```multi sub quick-sort([]) {
return [];
}

multi sub quick-sort([\$pivot, *@data]) {
my %part = @data.classify(* < \$pivot);

return flat(
quick-sort(%part{True} // []),
\$pivot,
quick-sort(%part{False} // [])
);
}```

Rosettacode’s code also does not have a `return` statement. You can do that too, while I prefer having an explicit `return` in the function.

Can you suggest any further clever change?

## 💡 100. Bubble sort in Perl 6

Hey everyone, let’s implement some algorithms in Perl 6.

The first one will be the classical Bubble sort. In essence, you scan the data from left to right and swap the two adjacent items if they are not ordered properly yet. Repeat until the whole data list is ordered.

Here’s the initial straightforward implementation:

```sub bubble-sort(@data) {
my Bool \$done = False;
while !\$done {
\$done = True;
for 1 .. @data.elems - 1 -> \$n {
if @data[\$n - 1] > @data[\$n] {
(@data[\$n - 1], @data[\$n]) =
(@data[\$n], @data[\$n - 1]);
\$done = False;
}
}
}
}

my @data = 4, 5, 7, 1, 46, 78, 2, 2, 1, 9, 10;
bubble-sort @data;
say @data;```

This implementation does in-place sorting, but you don’t need to declare the function argument as `is rw`. Actually, the compiler will tell you that that is redundant and will stop further compilation:

```For parameter '@data', '@' sigil containers don't need 'is rw' to be writable
Can only use 'is rw' on a scalar ('\$' sigil) parameter, not '@data'```

Another place which I’d like to take a more precise look at is swapping the two array elements:

`(@data[\$n - 1], @data[\$n]) = (@data[\$n], @data[\$n - 1]);`

Now, as the program is ready and we can confirm it works correctly, let’s transform it to make it more expressive (although maybe a bit less efficient).

```\$ perl6 bubble-sort.pl6
[1 1 2 2 4 5 7 9 10 46 78]```

The first step would be to simplify the swapping code. On both sides of the equals sign, we are working with the same two elements, with indices `\$n` and `\$n - 1`. It is possible to call the `reverse` method on the list of two elements and assign it back to it:

`(@data[\$n - 1], @data[\$n]).=reverse;`

This can be simplified further by using an array slice:

`@data[\$n - 1, \$n].=reverse;`

As you can see, the parentheses are not needed any more. The only question, which you have to answer yourself, is whether to surround the `.=` operator with spaces or not. On one hand, this is a method call (thus, no spaces), on another, it is an assignment (thus, spaces).

OK, what’s next? Of course, the `if` statement can be written as a postfix condition, but there are two lines of code in the `if` block. At this point, I can make a decision to trade between the beauty of code and the efficiency, and get rid of the Boolean `\$done` flag.

```sub bubble-sort(@data) {
for 1 .. @data.elems - 1 -> \$n {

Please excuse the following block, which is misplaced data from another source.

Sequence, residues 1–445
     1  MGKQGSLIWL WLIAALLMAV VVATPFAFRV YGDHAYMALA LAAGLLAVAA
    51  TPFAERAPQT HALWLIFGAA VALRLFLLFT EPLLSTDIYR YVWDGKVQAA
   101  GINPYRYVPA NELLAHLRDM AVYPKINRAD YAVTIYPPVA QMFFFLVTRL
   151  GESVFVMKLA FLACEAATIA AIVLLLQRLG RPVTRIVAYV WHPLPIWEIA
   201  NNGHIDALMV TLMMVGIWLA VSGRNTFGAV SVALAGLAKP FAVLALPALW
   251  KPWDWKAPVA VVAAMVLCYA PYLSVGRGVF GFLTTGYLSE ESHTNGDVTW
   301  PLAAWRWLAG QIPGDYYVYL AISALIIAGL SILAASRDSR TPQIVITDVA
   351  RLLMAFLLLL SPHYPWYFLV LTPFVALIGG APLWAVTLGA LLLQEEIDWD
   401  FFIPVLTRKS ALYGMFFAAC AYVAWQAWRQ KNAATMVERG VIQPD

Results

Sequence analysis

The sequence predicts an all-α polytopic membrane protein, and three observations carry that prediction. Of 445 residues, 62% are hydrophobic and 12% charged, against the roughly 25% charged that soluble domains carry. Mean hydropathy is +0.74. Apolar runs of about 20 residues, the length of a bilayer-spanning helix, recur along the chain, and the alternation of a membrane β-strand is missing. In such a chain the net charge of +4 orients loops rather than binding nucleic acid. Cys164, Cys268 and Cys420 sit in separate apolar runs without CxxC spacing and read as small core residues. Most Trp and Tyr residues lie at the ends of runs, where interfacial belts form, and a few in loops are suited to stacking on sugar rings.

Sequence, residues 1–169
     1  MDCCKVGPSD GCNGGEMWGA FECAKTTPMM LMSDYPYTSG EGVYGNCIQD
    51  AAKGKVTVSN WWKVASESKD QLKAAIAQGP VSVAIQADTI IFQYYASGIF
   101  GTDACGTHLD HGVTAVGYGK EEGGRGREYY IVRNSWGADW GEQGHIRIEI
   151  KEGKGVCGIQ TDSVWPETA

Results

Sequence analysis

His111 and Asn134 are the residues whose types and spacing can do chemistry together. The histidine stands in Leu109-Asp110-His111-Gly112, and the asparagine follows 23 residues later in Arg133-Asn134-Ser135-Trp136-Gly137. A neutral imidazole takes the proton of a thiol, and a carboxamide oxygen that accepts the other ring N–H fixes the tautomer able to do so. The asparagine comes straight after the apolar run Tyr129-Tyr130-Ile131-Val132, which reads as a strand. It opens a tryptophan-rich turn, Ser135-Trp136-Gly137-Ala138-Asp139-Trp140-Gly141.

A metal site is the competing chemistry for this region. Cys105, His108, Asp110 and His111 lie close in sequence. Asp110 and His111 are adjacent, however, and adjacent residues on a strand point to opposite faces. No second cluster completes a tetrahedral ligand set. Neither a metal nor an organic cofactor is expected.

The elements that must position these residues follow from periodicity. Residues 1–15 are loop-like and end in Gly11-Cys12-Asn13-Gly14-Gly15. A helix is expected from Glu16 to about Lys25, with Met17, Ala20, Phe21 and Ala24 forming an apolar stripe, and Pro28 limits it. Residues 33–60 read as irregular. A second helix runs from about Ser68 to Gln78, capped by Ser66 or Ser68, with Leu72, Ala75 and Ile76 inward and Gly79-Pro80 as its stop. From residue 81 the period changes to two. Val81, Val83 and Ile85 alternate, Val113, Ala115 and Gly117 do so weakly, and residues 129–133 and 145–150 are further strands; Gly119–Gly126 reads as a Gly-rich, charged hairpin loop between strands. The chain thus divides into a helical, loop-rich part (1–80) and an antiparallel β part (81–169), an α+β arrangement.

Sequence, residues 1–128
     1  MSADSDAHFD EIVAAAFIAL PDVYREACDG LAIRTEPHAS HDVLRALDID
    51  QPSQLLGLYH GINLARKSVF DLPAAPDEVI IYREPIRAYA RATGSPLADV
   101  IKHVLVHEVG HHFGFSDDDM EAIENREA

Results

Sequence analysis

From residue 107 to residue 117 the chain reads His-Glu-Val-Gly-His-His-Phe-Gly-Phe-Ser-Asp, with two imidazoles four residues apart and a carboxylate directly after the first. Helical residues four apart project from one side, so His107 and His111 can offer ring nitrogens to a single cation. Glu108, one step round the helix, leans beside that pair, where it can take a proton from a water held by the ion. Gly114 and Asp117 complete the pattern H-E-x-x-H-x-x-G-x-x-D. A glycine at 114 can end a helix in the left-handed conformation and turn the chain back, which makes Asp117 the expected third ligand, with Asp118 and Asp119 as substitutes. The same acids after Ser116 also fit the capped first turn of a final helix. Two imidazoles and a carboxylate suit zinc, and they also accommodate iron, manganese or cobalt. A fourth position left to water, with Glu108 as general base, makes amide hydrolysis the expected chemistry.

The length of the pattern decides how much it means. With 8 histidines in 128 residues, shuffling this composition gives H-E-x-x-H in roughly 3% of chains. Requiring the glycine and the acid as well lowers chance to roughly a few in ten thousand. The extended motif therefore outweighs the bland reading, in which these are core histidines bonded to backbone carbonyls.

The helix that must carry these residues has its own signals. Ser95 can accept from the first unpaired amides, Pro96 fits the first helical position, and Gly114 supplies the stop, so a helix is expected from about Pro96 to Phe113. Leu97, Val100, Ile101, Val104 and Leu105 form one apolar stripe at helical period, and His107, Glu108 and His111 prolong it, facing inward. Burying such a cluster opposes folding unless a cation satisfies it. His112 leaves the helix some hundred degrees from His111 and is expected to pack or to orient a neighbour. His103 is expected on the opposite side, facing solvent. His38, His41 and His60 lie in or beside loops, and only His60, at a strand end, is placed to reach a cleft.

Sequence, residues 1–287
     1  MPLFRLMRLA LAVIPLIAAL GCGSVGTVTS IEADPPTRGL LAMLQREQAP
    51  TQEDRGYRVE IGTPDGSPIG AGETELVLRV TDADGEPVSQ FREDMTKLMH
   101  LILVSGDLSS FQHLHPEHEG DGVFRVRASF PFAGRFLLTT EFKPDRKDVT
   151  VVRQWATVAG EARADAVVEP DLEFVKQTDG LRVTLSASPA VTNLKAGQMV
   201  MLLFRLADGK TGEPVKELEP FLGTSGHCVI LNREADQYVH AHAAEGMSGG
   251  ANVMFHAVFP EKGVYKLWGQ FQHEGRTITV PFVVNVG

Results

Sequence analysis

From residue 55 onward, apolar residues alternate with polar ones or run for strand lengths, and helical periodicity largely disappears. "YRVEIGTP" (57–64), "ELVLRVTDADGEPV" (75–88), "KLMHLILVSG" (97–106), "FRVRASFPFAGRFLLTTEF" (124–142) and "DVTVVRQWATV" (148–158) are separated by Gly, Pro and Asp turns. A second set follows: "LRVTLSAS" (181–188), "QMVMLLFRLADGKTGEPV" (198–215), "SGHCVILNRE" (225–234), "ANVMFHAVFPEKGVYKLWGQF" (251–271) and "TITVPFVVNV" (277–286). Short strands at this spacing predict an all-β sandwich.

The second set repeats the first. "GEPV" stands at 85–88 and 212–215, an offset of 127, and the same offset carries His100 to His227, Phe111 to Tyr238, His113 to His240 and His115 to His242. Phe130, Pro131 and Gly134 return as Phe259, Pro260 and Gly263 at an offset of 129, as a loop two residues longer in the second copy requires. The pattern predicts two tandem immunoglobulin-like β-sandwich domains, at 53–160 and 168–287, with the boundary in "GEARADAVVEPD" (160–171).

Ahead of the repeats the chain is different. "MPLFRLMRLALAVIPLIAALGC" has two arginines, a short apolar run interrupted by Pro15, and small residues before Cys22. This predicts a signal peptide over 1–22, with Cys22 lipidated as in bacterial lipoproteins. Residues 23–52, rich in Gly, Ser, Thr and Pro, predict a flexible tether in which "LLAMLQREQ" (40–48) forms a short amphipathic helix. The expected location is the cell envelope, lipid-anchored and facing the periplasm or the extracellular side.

if @data[\$n - 1] > @data[\$n] {
@data[\$n - 1, \$n].=reverse;
}
}
bubble-sort(@data) unless [<=] @data;
}```

This step also allowed to remove the `while` block. At the end of the function, a recursive call is done (again, maybe less efficient, but who cares), and the condition to check if the array is already sorted is now explicit:

`unless [<=] @data`

After all that, it is now possible to append a postfix `if`:

`@data[\$n - 1, \$n].=reverse if @data[\$n - 1] > @data[\$n]`

And even the postfix `for`:

```@data[\$_ - 1, \$_].=reverse
if @data[\$_ - 1] > @data[\$_]
for 1 .. @data.elems - 1;```

Also, why not make the condition using both the slice and the reduction operator as we’ve already done in other parts of the function:

```@data[\$_ - 1, \$_].=reverse
if [>] @data[\$_ - 1, \$_]
for 1 .. @data.elems - 1;```

The next step is to reduce the range `1 .. @data.elems - 1`, which is OK but contains a bit too many elements, which can be removed. The `-1` part can be replaced with an open range:

`for 1 ..^ @data.elems;`

After which the `elems` call is not needed, and Perl 6 can do that for us:

`for 1 ..^ @data;`

And here’s the current state of the code:

```sub bubble-sort(@data) {
@data[\$_ - 1, \$_] .= reverse
if [>] @data[\$_ - 1, \$_]
for 1 ..^ @data;

bubble-sort(@data) unless [<=] @data;
}

my @data = 4, 5, 7, 1, 46, 78, 2, 2, 1, 9, 10;
bubble-sort @data;
say @data;```

Before we stop for now, here’s another modification that is possible. In general, recursion in Perl 6 can be implemented via multi-subs. Instead of branching inside the function, let the compiler do the job based on data:

```multi sub bubble-sort(@data where [<=] @data) {}

multi sub bubble-sort(@data where ![<=] @data) {
@data[\$_ - 1, \$_] .= reverse
if [>] @data[\$_ - 1, \$_]
for 1 ..^ @data;
bubble-sort(@data);
}```

If you don’t like the `[<=]` check (as it should scan the whole list), here’s a brute-force version with another loop layer:

```sub bubble-sort(@data) {
for ^@data {
@data[\$_ - 1, \$_] .= reverse
if [>] @data[\$_ - 1, \$_] for 1 ..^ @data;
}
}```

The two `for` loops can be joined using the cross operator:

```sub bubble-sort(@data) {
for ^@data X 1 ..^ @data {
my \$n = \$_;
@data[\$n - 1, \$n] .= reverse if [>] @data[\$n - 1, \$n];
}
}```

You are invited to work on this code further. I am really curious if and how this can be done even shorter (for example, how to re-use the slice).

The source codes of the above-shown programs are available on GitHub.